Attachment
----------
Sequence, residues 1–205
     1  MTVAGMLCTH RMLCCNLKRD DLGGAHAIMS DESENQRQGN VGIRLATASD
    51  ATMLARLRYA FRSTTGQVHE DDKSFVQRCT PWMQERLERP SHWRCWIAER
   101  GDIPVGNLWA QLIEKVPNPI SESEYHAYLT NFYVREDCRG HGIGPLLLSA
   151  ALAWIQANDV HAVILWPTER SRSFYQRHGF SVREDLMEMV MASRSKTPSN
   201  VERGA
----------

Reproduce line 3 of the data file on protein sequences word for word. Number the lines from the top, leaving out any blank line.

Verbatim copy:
    51  ATMLARLRYA FRSTTGQVHE DDKSFVQRCT PWMQERLERP SHWRCWIAER